The 10 Best Regina Spektor Songs of All-Time
Regina Spektor, the famous anti-folk songstress, was born in 1980 into a Russian-Jewish musical family, a background that has immensely contributed to her today’s successes. While at seven years old, Regina would play her mother’s piano (Petrof Upright). Sadly, she had to leave it behind when she was nine since her family was forced to leave Moscow (their then home) in 1989, following the Jewish persecution. They emigrated to America and settled in the Bronx, New York. But Regina continued to perfect her skills in the basement of her home with an old piano. Today, she’s a renowned Russian-American classical piano player, singer, and songwriter. Her first three independent releases (11:11, 2001 album, songs, 2002 album, and Soviet Kitsch, 2004 album) gained her moderate popularity. However, her career breakthrough started in 2006, after publishing her fourth album (Begin to Hope) with Sire Records. She’s since released several award-winning records, becoming one of the most famous piano-based artists. Here are the ten best Regina Spektor Songs worth listening to.
Sometimes you need to read the signs to understand the message. Often, we make wrong decisions simply because we choose to move with the waves. However, the consequences of our choices strike so hard, and by the time we get back on track, it’s too late. This song is the 10th single from Regina’s debut album ’11:11.’
9. Ballad of a Politician
Is it the system with flaws, or have we elected underhanded leaders? Here is a song that Regina and Mike Elizondo wrote. It defines politicians, comparing them to strippers, highlighting how their manipulative behaviors work to their advantage. Often, it may seem like some politicians care about the welfare of the people, while in reality, what they are doing is putting up a show which overshadows their deceit. Your vote is their (politicians) ticket to control the system. This eighth single from ‘What We Saw from the Cheap Seat,’ Regina’s sixth album, will caution you to analyze your choice of leaders deeply.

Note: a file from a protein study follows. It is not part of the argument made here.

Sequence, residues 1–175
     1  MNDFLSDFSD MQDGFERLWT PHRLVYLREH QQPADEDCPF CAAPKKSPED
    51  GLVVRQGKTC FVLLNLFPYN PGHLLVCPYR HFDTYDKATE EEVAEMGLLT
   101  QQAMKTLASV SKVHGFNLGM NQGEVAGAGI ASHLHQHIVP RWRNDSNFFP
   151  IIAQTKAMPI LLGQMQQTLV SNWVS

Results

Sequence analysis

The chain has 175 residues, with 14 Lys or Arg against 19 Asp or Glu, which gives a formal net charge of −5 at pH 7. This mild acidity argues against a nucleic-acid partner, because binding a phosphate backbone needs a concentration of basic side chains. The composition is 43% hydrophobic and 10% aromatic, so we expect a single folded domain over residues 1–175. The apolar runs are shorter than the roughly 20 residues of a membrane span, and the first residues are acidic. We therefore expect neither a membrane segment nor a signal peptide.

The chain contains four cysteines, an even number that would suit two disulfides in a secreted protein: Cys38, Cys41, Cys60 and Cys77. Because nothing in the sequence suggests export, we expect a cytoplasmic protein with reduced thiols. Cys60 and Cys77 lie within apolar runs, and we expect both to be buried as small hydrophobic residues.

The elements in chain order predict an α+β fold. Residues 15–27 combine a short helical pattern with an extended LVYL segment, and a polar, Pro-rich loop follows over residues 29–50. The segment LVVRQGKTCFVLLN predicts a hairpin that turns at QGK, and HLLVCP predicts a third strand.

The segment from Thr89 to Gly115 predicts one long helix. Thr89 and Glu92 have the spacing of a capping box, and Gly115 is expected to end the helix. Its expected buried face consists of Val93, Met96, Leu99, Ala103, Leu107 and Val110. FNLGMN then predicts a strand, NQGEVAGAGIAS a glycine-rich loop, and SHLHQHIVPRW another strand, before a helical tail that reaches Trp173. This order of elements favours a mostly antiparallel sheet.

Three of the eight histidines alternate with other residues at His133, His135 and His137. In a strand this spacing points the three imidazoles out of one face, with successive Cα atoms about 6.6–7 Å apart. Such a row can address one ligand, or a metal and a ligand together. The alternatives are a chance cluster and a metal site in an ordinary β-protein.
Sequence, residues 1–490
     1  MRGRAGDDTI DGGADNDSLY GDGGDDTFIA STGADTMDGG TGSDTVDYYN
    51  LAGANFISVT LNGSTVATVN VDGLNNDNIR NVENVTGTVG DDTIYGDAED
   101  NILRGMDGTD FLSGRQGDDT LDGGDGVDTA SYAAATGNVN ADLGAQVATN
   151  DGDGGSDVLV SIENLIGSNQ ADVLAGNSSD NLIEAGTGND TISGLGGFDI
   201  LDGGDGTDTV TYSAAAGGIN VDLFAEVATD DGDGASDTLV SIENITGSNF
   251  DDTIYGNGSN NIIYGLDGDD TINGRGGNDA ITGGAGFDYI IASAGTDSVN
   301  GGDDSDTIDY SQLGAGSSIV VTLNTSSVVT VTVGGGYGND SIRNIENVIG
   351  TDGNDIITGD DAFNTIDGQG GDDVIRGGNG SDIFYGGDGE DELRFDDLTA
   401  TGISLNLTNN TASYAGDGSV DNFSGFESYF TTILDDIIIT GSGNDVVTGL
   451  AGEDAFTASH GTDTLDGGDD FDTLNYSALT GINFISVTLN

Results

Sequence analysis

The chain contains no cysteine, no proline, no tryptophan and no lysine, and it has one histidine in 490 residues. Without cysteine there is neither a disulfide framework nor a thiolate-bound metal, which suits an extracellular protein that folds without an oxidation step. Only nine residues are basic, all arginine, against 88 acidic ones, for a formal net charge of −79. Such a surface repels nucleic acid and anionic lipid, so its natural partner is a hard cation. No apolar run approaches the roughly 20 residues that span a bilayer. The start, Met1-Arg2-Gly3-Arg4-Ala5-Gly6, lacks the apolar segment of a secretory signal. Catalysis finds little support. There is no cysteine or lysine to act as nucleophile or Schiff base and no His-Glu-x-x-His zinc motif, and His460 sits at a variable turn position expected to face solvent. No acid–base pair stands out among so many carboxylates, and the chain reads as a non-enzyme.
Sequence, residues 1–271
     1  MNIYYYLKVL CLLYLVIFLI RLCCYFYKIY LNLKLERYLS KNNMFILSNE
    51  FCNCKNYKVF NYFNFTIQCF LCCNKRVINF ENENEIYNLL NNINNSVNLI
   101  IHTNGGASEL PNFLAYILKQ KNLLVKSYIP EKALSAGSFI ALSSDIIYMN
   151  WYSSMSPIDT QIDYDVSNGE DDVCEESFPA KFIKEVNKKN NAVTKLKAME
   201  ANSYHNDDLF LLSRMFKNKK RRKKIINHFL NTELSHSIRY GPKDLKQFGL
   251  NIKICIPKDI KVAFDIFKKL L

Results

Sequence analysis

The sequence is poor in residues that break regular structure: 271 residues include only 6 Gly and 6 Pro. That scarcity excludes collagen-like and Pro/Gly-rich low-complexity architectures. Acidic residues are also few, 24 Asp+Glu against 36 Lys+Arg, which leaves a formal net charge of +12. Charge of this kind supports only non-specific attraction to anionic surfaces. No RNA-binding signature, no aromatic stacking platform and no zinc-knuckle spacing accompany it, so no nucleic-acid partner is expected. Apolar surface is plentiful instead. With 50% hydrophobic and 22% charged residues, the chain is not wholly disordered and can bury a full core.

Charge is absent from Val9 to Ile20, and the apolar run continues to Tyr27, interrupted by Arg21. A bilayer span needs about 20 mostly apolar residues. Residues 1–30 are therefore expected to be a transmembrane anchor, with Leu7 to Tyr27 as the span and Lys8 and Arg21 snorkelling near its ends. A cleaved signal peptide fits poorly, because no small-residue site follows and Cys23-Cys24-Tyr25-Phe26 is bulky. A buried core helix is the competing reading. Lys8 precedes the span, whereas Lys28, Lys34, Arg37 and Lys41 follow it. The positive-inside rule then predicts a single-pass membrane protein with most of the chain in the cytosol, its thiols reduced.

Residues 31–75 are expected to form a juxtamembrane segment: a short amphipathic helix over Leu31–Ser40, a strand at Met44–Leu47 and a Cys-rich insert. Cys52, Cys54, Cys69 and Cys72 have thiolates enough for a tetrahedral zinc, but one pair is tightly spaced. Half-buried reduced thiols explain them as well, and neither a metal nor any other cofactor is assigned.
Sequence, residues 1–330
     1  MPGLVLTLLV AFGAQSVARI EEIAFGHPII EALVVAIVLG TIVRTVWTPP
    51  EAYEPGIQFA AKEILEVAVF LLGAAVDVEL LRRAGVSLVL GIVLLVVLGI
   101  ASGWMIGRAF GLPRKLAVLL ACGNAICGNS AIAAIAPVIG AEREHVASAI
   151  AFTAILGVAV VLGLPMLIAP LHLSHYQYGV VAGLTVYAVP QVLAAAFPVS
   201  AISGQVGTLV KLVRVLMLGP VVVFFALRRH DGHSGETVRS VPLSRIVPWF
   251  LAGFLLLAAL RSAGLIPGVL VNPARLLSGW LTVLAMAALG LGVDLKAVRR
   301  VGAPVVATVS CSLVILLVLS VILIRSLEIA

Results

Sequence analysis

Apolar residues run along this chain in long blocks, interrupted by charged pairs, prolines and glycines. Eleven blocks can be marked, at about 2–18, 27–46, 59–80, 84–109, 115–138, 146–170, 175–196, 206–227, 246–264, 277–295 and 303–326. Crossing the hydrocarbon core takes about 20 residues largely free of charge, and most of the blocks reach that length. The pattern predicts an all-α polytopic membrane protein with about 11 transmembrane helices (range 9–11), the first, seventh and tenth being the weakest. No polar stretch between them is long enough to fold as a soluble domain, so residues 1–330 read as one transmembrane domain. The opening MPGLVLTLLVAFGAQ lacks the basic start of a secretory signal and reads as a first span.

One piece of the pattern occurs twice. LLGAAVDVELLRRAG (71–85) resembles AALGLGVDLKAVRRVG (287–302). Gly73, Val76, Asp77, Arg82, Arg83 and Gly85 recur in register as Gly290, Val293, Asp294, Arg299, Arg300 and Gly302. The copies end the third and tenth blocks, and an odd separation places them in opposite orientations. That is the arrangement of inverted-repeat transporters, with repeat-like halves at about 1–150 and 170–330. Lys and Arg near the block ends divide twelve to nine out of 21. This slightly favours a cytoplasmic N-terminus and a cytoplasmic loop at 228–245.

8. Small Bill$
Here is a song for those who want to encapsulate the Soviet Union era via melodies. It references the singer’s roots, touching on immigrants’ social problems. The lyrics caution about the repeat of what transpired during the Russian revolution. This song is the second single of Regina’s seventh album, ‘Remember Us to Life.’ It is a ballad that will help you reminisce the ugly scenarios of your childhood that perhaps led to you moving to a different place in search of peace and acceptance. The track is relatable to anyone who has been a victim of social conflict.
This song is about willing to help someone in need but unable to determine how to best help them. The lyrics are based on emotional ache, a challenging and disturbing state that often triggers a feeling of numbness. In this song, the singer describes depression, what it is like, what it does to the victim, and how disturbing it is to witness any of your loved ones battle this condition. The song is relatable to anyone who has previously suffered depression or observed a close friend or family member battle through depressive episodes. It reminds us of how agonizing emotional illnesses can be to patients and those around them. Regina composed this ballad with the help of David Kahne. It is the second track from her most successful record ‘Begin to Hope.’
6. Laughing With